+ The inherently low sales volume recorded in Hobart, which is due to the small population base, gives rise to naturally higher levels of volatility. As a consequence preliminary results for Hobart are not made available. That is, the Hobart data lags by one month the other national results.

Methodology: The RP Data-Rismark Hedonic Home Value Index is calculated using a hedonic regression methodology that attempts to overcome the issue of compositional bias associated with median price measures. In simple terms, the index is calculated using recent sales data combined with information about the attributes of individual properties such as the number of bedrooms and bathrooms, land area and geographical context of the dwelling. By deconstructing a property into its constituent parts a much more reliable and accurate representation of capital movements in property values can be calculated. RP Data owns and maintains Australia's largest property related database in Australia which includes transaction data for every home sale within every state and territory. RP Data augments this data with recent sales advice from real estate industry professionals, listings information and attribute data collected from a variety of sources. The hedonic methodology has been created by Rismark International and independently audited by both the Securities Industry Research Centre of Asia-Pacific ("SIRCA") and Moody's Both of these independent parties have declared the methodology to be an improvement over the quality of existing measures of house price movements in Australia. For detailed methodological information please visit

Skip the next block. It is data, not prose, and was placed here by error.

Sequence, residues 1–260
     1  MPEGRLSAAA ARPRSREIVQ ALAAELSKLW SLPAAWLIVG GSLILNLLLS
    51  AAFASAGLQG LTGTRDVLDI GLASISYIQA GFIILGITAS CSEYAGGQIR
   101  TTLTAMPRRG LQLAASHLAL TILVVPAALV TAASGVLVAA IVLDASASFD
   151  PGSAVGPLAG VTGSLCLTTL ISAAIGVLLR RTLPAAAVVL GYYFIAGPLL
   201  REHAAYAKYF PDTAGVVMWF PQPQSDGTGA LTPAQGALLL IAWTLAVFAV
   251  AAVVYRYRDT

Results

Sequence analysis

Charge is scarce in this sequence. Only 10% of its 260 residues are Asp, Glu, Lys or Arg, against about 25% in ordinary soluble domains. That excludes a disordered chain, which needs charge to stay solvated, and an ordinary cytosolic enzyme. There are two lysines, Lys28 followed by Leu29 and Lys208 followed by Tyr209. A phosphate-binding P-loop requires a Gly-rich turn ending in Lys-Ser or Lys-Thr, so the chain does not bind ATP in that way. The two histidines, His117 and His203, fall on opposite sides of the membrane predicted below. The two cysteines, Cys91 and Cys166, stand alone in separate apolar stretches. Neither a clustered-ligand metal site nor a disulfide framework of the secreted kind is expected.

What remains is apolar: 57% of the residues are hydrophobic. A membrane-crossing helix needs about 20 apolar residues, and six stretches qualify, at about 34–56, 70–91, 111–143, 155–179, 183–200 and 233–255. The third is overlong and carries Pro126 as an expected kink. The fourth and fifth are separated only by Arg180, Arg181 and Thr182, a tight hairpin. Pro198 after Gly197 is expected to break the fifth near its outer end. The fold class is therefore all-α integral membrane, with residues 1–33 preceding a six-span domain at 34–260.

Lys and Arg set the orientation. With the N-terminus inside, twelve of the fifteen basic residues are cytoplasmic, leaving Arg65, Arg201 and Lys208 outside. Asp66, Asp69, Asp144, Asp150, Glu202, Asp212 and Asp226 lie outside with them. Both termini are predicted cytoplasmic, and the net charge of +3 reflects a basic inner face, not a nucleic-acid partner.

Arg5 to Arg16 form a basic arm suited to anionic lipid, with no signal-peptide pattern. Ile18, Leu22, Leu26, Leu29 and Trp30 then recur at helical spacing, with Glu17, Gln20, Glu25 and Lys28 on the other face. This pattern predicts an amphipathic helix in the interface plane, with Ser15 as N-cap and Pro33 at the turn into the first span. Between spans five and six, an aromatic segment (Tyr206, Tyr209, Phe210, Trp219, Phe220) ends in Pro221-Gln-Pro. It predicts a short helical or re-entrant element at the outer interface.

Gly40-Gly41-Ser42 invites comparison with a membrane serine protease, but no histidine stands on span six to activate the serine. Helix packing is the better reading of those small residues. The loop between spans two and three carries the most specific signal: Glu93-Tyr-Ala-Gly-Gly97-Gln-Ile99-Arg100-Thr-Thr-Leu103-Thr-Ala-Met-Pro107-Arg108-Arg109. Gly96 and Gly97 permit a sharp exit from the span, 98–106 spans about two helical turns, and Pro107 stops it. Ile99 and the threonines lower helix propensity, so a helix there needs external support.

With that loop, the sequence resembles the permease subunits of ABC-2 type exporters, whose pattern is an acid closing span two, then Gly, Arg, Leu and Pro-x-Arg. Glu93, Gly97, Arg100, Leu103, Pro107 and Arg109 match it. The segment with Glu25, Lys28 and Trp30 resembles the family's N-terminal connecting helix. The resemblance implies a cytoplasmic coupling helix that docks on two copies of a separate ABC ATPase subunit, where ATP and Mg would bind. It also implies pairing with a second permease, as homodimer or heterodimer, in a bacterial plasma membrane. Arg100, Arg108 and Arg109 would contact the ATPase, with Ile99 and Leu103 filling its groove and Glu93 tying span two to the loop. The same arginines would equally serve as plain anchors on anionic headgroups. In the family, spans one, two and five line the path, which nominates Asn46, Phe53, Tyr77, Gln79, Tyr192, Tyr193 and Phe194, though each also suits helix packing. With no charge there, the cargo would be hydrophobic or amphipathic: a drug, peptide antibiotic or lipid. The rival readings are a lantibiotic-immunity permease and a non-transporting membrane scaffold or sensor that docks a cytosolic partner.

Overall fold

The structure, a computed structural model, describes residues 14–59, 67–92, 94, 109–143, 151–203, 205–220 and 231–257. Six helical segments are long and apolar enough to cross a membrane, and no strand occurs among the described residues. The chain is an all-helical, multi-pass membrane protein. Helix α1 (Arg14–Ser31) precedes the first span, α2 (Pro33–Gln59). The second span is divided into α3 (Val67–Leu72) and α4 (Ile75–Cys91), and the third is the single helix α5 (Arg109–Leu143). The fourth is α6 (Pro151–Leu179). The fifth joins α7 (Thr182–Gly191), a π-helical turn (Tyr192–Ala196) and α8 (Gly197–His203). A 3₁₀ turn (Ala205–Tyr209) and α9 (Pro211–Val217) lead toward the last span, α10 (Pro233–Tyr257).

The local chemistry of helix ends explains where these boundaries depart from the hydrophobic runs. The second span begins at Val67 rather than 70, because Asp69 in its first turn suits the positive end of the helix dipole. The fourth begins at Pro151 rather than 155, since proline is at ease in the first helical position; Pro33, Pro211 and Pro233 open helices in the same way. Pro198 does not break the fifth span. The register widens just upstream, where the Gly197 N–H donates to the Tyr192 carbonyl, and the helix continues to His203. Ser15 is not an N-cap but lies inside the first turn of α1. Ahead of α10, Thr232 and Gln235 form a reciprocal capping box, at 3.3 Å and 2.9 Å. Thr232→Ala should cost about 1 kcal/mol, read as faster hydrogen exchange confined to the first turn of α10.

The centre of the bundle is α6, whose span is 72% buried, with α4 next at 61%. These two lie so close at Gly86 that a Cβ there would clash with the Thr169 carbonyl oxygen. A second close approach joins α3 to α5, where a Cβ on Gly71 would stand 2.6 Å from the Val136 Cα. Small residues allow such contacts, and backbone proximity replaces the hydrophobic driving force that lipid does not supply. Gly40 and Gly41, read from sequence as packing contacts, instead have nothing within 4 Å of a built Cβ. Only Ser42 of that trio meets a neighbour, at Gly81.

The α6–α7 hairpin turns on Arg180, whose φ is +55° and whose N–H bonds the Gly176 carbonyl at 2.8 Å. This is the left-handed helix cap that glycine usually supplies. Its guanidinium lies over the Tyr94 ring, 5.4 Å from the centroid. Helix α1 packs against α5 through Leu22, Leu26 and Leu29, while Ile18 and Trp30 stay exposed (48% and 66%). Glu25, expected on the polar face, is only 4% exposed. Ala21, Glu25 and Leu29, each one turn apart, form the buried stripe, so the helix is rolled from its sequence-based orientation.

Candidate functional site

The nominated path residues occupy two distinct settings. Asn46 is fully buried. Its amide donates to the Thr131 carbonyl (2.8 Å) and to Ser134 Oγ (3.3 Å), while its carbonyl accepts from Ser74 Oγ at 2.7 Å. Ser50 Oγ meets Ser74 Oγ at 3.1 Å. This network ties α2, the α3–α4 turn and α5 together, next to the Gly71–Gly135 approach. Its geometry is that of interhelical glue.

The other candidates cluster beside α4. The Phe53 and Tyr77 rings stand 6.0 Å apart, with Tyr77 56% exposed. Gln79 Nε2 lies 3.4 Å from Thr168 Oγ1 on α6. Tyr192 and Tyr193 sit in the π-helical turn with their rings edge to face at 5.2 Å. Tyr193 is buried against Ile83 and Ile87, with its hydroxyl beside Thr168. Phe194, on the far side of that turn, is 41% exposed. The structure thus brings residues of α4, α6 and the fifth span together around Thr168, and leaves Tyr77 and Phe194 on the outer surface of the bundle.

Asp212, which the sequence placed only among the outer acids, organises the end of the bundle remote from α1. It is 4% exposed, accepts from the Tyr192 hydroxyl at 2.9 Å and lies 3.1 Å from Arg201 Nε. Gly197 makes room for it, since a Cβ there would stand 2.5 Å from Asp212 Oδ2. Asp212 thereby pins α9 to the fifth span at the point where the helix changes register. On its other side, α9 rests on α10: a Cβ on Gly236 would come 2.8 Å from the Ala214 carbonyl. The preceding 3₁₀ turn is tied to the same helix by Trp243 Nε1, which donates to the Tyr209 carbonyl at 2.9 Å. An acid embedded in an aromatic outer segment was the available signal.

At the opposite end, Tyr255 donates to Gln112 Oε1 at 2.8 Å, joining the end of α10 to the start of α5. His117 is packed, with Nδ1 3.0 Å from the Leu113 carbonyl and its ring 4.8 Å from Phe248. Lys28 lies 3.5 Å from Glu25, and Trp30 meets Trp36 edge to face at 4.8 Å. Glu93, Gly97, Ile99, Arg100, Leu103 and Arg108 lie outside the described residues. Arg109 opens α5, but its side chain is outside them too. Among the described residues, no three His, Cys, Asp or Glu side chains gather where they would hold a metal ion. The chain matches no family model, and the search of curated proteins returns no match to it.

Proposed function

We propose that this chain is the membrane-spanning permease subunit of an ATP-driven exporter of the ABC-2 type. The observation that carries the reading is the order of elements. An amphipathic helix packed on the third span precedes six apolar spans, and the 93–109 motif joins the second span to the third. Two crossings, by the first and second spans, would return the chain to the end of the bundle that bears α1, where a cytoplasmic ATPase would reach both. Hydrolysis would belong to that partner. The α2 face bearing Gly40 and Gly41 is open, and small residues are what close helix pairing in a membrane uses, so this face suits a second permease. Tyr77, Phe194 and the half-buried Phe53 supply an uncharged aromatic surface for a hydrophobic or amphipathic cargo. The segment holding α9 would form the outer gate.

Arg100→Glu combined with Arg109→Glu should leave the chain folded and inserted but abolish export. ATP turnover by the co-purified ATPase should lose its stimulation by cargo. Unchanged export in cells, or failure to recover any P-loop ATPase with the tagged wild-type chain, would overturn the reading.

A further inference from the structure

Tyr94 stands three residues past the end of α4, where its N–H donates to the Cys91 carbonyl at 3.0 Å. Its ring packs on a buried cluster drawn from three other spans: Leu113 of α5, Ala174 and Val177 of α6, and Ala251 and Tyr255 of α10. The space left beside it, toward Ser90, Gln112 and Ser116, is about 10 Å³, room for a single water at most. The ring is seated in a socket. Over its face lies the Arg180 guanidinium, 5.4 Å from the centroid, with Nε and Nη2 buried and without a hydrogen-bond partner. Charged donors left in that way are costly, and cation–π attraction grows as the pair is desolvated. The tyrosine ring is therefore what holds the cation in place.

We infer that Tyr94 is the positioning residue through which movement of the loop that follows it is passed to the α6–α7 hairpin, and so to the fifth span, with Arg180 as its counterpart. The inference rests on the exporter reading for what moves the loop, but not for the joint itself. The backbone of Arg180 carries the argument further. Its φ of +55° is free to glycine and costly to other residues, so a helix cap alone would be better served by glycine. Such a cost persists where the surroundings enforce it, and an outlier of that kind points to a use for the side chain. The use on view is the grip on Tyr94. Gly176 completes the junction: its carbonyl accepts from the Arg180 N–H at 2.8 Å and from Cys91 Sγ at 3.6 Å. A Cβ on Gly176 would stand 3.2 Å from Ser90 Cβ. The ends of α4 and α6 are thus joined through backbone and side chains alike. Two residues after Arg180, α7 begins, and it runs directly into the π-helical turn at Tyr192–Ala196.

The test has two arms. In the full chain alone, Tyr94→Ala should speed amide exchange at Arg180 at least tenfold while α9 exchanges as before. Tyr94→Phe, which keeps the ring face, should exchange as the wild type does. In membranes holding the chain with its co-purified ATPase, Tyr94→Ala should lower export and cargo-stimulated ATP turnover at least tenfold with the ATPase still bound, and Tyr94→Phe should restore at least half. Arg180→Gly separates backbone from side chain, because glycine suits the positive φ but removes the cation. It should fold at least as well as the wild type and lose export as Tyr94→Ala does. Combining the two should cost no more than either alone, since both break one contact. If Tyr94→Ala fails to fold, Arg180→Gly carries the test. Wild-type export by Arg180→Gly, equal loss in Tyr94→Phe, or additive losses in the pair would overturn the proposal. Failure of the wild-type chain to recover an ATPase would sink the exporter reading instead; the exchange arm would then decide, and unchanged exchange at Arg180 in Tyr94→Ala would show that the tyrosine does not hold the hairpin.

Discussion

Background: The RP Data-Rismark Hedonic Indices benefit from exclusive access to the most comprehensive property database in Australia and NZ, which is owned by RP Data Limited (ASX: RPX). RP Data spends over $9 million annually collecting new property information and has amassed a database comprising over 140 million property data records covering 99% of dwellings. The RP Data‐Rismark Index results are reported by the RBA in its Statement on Monetary Policy. The RP Data-Rismark Hedonic Indices have received considerable industry praise. In May 2009, CommSec’s chief economist, Craig James, commented, “The RP Data-Rismark index has emerged as Australia’s authoritative source on home price trends. The property database is Australia’s largest and, unlike the Bureau of Statistics, all properties are counted, not just free-standing homes.” Macquarie Bank’s interest rate strategist, Rory Robertson, has also commented, “RP Data-Rismark’s monthly estimates are more timely and reliable than the ABS’s quarterly readings”. The RP Data-Rismark Indices have been independently audited by the Securities Industry Research Centre of Asia-Pacific ("SIRCA"), which is a not-for-profit financial services research organisation involving twenty-six collaborating universities across Australia and New Zealand. In its review of the RP Data-Rismark indices, SIRCA concluded:"...the results of our analysis indicate that the stratified median price, hedonic and repeat-sales property price indices developed by RP Data-Rismark represent a material improvement over the simple median price series that have historically predominated in the Australian market. In this regard, it is pleasing to see private sector organisations that are committed to undertaking sophisticated residential real estate research and advancing our otherwise crude understanding of this complex market.“ In addition to the SIRCA audit, Moody’s, which is a leading global economics research organisation, has also undertaken an extensive review of the methodology, data and procedures used by RP Data-Rismark to construct house price indices. The Moody’s report’s summary findings, which were authored by two economics PhDs, are as follows: “The suite of indexes calculated by RP Data-Rismark represents a significant improvement in the quality of housing price statistics available in Australia…We look forward to seeing these indexes as they are released and believe that they will quickly take a central place in the macroeconomic data framework of Australia…These data are more sophisticated, detailed and have better coverage than that used in the construction of existing housing price indexes in Australia. The high quality of the data makes it possible to implement not only median price and repeat sales indexes but also hedonic indexes, which up to this point had proved difficult to construct in Australia due to data constraints.” Other comments from the Moody’s report include: “Perhaps the most exciting methodological development is the introduction of hedonic price indexes to the Australian market. This approach to price index construction controls for compositional change by obtaining information on housing characteristics (e.g. bedrooms, bathrooms, land size, suburb, etc.)...”